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Community Fire Prevention; Take Care of the Little Things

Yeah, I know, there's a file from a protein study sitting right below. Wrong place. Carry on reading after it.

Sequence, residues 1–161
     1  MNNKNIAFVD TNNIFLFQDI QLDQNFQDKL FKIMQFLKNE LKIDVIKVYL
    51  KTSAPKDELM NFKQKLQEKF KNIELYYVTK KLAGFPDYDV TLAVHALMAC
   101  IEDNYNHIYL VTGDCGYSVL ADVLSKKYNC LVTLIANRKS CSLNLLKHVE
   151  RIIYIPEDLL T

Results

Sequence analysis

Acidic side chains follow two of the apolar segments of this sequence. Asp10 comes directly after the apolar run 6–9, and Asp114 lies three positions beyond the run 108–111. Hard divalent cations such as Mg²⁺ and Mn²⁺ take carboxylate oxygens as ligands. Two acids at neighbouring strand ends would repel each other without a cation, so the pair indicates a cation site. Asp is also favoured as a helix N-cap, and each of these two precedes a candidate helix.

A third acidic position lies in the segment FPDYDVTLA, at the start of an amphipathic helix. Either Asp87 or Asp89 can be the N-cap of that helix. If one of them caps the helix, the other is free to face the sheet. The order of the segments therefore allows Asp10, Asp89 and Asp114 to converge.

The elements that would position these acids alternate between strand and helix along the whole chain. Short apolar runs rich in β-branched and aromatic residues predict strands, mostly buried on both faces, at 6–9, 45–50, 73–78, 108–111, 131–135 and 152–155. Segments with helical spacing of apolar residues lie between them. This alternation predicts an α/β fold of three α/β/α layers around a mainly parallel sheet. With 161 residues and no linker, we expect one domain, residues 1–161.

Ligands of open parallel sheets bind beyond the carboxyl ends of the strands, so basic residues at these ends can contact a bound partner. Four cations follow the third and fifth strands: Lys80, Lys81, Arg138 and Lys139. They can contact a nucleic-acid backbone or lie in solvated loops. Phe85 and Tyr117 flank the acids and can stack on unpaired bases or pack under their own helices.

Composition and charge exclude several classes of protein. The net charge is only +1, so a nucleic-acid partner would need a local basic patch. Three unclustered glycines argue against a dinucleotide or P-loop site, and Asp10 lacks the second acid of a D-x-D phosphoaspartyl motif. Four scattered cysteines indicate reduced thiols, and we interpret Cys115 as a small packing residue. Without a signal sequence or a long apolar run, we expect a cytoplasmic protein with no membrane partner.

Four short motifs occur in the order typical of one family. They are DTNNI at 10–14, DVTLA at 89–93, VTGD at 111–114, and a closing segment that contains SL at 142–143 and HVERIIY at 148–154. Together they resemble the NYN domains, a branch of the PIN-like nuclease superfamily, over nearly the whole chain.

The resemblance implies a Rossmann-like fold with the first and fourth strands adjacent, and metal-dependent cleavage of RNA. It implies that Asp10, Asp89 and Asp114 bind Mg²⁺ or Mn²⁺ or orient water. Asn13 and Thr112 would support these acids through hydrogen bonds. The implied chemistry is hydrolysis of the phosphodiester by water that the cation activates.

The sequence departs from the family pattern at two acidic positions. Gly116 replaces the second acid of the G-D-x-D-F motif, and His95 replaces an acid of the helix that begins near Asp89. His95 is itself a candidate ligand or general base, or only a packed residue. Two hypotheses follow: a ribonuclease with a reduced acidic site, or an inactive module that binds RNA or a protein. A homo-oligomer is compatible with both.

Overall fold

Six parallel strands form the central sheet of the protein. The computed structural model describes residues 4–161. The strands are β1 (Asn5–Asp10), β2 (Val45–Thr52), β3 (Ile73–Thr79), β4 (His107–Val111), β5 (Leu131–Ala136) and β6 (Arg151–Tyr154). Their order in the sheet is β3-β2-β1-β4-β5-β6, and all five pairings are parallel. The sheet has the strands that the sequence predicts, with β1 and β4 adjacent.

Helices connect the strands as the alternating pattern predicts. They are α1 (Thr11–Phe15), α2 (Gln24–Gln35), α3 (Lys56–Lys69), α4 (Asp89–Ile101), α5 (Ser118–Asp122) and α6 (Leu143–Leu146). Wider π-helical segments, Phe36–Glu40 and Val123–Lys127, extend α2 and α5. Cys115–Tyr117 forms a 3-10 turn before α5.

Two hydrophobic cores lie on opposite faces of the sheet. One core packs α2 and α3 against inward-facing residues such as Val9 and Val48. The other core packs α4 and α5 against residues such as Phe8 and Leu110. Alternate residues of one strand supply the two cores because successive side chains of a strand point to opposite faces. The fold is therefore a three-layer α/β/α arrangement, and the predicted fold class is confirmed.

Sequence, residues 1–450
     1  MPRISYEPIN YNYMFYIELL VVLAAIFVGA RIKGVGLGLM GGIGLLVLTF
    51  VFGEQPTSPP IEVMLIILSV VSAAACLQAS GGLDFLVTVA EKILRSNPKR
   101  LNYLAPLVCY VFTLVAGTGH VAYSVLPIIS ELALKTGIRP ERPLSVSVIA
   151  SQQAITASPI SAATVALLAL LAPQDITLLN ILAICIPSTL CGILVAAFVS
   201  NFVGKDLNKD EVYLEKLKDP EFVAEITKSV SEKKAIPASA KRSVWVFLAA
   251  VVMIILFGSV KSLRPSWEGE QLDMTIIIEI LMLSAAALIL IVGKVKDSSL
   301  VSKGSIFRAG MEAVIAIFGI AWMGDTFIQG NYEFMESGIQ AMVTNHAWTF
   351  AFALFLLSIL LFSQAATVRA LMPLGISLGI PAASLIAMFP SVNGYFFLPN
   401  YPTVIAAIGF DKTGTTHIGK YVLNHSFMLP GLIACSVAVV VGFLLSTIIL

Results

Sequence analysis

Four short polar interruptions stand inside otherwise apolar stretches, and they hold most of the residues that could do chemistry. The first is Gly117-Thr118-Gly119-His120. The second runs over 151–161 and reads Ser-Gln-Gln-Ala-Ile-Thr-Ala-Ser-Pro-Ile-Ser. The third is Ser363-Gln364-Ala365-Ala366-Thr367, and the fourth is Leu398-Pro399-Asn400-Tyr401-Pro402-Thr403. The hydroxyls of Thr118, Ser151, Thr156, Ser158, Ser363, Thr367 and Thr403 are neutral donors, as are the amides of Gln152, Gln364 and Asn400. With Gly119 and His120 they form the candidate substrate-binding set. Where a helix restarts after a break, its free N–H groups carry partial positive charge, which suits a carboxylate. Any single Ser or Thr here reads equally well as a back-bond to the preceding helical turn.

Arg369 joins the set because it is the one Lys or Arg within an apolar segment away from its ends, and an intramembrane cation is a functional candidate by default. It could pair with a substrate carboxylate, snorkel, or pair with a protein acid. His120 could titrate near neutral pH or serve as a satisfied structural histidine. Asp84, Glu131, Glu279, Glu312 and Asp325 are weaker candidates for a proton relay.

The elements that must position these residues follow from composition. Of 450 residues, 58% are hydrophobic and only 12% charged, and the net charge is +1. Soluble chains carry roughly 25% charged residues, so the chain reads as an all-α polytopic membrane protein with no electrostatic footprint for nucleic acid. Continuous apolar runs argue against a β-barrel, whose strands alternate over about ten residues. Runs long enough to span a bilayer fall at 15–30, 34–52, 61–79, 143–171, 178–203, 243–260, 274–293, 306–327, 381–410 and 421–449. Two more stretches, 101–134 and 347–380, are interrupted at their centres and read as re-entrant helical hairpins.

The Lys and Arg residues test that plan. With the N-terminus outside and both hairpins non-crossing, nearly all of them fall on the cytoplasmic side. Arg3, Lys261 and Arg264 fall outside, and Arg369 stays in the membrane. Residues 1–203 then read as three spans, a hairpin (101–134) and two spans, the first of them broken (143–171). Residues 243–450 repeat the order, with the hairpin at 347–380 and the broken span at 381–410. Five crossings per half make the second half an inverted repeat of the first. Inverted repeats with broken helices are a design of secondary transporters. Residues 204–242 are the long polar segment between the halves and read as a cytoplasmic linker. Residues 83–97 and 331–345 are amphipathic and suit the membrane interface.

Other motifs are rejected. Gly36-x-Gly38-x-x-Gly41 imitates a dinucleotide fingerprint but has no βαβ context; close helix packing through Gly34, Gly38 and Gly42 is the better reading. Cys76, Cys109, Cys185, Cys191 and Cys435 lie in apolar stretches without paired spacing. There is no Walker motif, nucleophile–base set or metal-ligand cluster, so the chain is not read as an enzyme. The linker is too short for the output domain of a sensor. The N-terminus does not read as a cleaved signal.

If you have read my fire prevention missives in the past, you have learned that, in my opinion, preaching the good word supporting public fire and life safety education is part of our mission of saving lives and protecting property. Consider how much property can be saved with the effective use of a sprinkler system, or a fire extinguisher. In the restaurant and commercial occupancy world, an Ansul system, or a FM 200 system and the like, can also prevent some damage loss and protect property. Think about how many lives can be saved with simple installations of smoke alarms, by closing doors, or by changing and not removing batteries from a smoke alarm, and by installing working carbon monoxide alarms. Fire prevention and public education cover many little subject areas, but in the grand scheme of things, they mean so much in community risk reduction efforts. Don’t let this get out too much but, we can do more with less, just by getting lessons out to the community. But, at the same time, we can increase our value. Going live on social media is a great tool to utilize and as we witnessed through the pandemic, we can “Team” up or “Zoom” in for a virtual educational session. For my own department, I have created two-minute videos, thanks to the social media materials provided by the United States Fire Administration. The USFA covers all four seasons as it relates to fire prevention and fire safety. They also get specific with information about grilling, cooking, and electrical fire safety, and escape planning. The best part of this information is that it is free, printable, shareable, and you can add your department’s name to it. The National Fire Protection Association also has resources you can take advantage of. Some are free and some have an associated cost to them. One of the programs that NFPA has is the “Remembering When” program. It’s a program designed for senior citizens, that can be delivered in a variety of ways. It is important to educate and re-educate this population, because many do not realize that they are not as strong, quick, and agile as they once were. But as much as that population section is important to our world, other age groups are equally important, and we should do what we can with these resources at hand. Look, I get it. Budgets are tight and our time is precious. The bottom line is we are still losing firefighters, moms, dads, sons, daughters, nieces, nephews and the list goes on and on to line of duty deaths due to fires or accidents that could have prevented. According to the USFA, from 2010 until 2019, there have been over 3,000 civilian fire deaths each year. We have seen advances in commerce, in industry, and with technology. The question we should ask ourselves as a collective fire service is, “Why hasn’t there been advancement in a reduction of these deaths?” What I think most of us know already is the answer, it is in education and outreach. There is a saying out there that goes, “If you take care of the little things, the big things will take care of themselves.” In your down time, take a little time to increase fire prevention outreach. There’s no need to re-invent the wheel. When you have the bay doors open, checking rigs and equipment, take the little bit of time to chat with the families with children that look upon the fire trucks and you in awe and amazement. Capture that teaching moment with both the children and adults. Ask them about their smoke alarms and escape planning. And when you’re on social media, simply share what’s already out there and give credit when credit is due. If you have the time, you can get creative with your messaging and posts, and use social media in a very positive, lifesaving way. It doesn’t take much. That said, if every one of us took the time to do the little things mentioned here, the potential to have our mission statement be more impactful will be realized. Stay safe!

 

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